In 2003 and 2004, executive producer KNDNM assembled and released four Seattle rap compilations under the title Reigncraft. In 2005, the fifth volume in the series stepped up to the plate. RC5: Process Of Progress shows that there was no shortage of hungry hip-hop fiends who wanted exposure. “Real Life” by Grynch is clever, as producer Referenz uses the (hot at the time but now quite vintage) sped-up soul sample technique to bring emotion into his chorus. “You don’t gotta be in jail to be doing some time,” raps Grynch, meditating on the power of a positive or negative attitude to change our outcomes.

Two tracks on Process Of Progress are produced by Northwest stalwart Bean One. “They See Me” by Framework is outstanding, listen for the Ofra Haza accoutrements. The song appeared on Frame’s terrific 2005 album Hello World. On “They See Me,” he employs concise, descriptive phrases for his verses, and even tosses in references to other rap songs. “Girl was in the cut, backing it up to Joey Crack’s Lean hit,” and also, “baby shaking it fast like I was Mystikal.” The other Bean cut is “Make A Hit,” by Damian Black who effortlessly distributes the smoothest rhymes ever, like a poker dealer whipping cards around the table. “Well, go ahead and say I’m cocky, but nothing you say will ever stop me, nothing you say will ever top me, nothing you do will ever drop me, just sit back go ahead and watch me, take some notes go ahead and copy.”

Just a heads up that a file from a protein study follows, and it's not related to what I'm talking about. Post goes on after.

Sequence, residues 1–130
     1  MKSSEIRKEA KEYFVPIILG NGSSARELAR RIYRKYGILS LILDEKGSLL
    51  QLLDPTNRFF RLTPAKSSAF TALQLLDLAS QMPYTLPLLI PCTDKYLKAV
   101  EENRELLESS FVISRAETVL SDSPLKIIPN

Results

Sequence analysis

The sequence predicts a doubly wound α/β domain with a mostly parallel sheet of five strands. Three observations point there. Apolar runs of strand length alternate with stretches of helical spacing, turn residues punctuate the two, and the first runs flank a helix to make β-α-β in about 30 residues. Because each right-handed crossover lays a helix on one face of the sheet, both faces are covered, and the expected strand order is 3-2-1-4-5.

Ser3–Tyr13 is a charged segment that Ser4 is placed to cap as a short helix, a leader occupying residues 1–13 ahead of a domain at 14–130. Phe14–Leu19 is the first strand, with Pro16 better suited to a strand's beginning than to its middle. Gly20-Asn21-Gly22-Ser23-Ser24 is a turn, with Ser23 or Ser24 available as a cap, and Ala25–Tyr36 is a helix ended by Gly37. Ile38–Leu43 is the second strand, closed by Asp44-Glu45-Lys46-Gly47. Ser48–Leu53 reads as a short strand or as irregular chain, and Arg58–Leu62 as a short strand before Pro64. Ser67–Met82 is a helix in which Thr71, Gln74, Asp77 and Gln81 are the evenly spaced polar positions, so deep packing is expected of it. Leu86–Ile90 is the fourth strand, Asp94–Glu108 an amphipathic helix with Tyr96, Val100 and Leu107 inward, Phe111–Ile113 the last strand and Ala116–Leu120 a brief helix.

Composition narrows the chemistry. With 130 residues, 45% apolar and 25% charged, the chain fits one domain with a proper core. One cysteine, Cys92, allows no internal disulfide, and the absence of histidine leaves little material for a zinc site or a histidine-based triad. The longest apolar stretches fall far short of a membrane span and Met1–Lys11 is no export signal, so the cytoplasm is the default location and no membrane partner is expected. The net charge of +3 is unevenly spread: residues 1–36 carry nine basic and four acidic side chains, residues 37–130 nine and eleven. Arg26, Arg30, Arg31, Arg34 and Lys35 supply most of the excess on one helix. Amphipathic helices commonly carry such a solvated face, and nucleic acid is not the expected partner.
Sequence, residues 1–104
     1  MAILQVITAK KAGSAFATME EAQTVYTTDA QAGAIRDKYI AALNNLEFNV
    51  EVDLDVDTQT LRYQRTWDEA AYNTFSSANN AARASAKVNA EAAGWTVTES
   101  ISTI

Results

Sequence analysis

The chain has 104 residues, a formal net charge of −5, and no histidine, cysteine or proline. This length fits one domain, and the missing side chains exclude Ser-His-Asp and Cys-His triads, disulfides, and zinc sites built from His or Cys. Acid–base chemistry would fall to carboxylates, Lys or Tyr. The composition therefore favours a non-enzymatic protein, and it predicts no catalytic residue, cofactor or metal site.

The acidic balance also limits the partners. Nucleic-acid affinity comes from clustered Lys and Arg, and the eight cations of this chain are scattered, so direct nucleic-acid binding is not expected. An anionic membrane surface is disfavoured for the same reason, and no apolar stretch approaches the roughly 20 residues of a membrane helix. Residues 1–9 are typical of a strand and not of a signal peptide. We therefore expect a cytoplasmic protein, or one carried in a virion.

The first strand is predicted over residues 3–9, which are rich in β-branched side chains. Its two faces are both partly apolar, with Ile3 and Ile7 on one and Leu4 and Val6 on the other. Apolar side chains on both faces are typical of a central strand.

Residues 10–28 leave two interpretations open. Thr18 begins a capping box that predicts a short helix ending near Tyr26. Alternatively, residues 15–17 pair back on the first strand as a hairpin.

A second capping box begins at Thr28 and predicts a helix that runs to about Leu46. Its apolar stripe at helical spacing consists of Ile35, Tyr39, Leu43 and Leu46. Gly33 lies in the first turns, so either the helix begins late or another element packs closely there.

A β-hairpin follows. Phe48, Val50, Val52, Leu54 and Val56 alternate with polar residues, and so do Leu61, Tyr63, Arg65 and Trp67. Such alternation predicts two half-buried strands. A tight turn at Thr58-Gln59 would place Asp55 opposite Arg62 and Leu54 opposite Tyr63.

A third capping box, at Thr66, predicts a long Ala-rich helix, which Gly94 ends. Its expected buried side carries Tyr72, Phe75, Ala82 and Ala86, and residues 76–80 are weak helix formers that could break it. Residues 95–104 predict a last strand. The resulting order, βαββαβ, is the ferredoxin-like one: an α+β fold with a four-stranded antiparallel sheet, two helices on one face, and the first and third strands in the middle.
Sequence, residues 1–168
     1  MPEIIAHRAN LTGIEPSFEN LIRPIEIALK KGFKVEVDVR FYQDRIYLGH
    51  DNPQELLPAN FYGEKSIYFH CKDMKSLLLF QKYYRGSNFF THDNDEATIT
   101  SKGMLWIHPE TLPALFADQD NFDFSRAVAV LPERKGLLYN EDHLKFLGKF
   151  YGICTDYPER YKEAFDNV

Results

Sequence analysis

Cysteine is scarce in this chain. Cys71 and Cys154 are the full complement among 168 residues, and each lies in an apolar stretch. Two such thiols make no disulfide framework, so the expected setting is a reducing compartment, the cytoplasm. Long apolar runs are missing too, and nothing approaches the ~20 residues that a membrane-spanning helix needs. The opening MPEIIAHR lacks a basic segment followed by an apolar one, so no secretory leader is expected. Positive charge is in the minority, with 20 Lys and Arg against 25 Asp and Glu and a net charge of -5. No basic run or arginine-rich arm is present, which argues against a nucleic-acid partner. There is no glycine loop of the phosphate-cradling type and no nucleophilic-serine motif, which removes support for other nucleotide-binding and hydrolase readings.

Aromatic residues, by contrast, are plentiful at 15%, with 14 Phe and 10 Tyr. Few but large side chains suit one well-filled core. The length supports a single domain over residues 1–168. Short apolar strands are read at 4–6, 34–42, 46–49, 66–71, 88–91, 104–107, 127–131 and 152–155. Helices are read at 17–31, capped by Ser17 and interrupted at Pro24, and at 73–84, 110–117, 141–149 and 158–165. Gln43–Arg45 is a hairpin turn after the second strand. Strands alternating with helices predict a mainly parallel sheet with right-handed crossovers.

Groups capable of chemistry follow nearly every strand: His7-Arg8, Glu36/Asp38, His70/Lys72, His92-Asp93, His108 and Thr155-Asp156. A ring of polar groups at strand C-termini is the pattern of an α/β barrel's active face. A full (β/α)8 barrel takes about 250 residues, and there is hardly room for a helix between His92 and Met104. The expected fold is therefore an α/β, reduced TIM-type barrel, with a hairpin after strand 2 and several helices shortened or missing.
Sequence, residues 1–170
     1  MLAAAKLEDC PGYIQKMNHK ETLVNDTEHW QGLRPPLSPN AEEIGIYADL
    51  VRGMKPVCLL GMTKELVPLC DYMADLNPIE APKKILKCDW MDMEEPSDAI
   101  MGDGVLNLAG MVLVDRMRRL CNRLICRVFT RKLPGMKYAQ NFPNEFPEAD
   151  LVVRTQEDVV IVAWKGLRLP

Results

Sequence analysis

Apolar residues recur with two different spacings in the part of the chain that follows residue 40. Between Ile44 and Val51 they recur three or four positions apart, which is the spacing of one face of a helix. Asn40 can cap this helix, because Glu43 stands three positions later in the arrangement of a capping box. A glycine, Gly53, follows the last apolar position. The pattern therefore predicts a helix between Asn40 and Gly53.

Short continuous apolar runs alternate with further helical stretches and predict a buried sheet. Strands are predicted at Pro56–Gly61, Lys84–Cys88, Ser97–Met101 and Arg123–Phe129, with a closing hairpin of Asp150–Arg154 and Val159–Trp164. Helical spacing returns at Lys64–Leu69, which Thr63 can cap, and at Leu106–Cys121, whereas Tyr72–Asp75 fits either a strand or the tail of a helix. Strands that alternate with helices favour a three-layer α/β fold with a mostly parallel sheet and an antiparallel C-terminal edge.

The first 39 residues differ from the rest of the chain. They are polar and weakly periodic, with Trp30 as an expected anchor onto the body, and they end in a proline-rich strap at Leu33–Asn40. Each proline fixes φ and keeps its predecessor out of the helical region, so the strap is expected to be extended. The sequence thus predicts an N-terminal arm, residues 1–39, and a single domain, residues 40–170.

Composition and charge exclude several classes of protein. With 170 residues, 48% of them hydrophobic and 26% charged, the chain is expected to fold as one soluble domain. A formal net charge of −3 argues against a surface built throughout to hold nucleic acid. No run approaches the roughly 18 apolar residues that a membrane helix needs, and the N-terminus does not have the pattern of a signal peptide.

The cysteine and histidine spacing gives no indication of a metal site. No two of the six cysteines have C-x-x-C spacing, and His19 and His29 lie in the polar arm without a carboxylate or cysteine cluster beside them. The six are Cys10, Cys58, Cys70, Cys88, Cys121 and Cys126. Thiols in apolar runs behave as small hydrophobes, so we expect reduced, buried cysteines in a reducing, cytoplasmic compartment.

For explicit sex talk, look to “Don’t Front” by Twin G. I must admit that the chorus of Aquino’s “Left Coastin” gets me every time. “We pop shots cause we got to, I guess that makes us a pop crew,” with cutting and scratching to enhance the effect. I would have leaned in and titled the song “Pop Crew.” The Block Burners drop a serious heater titled “Big Bank.” At first the song seems overly basic, but different elements weave in and out while the MCs rip the mic. By the end of “Big Bank” you just want to rewind and listen again. Five volumes is a huge accomplishment for Reigncraft, and they weren’t even done yet. Written by Novocaine132

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The Streetz Iz Enough